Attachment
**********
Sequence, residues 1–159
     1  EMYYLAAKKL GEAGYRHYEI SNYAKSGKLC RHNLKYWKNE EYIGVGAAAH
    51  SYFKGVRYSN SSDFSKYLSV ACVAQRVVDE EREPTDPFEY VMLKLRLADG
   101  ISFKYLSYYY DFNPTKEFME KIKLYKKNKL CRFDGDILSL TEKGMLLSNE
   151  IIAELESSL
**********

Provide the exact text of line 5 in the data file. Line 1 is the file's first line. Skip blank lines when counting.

   151  IIAELESSL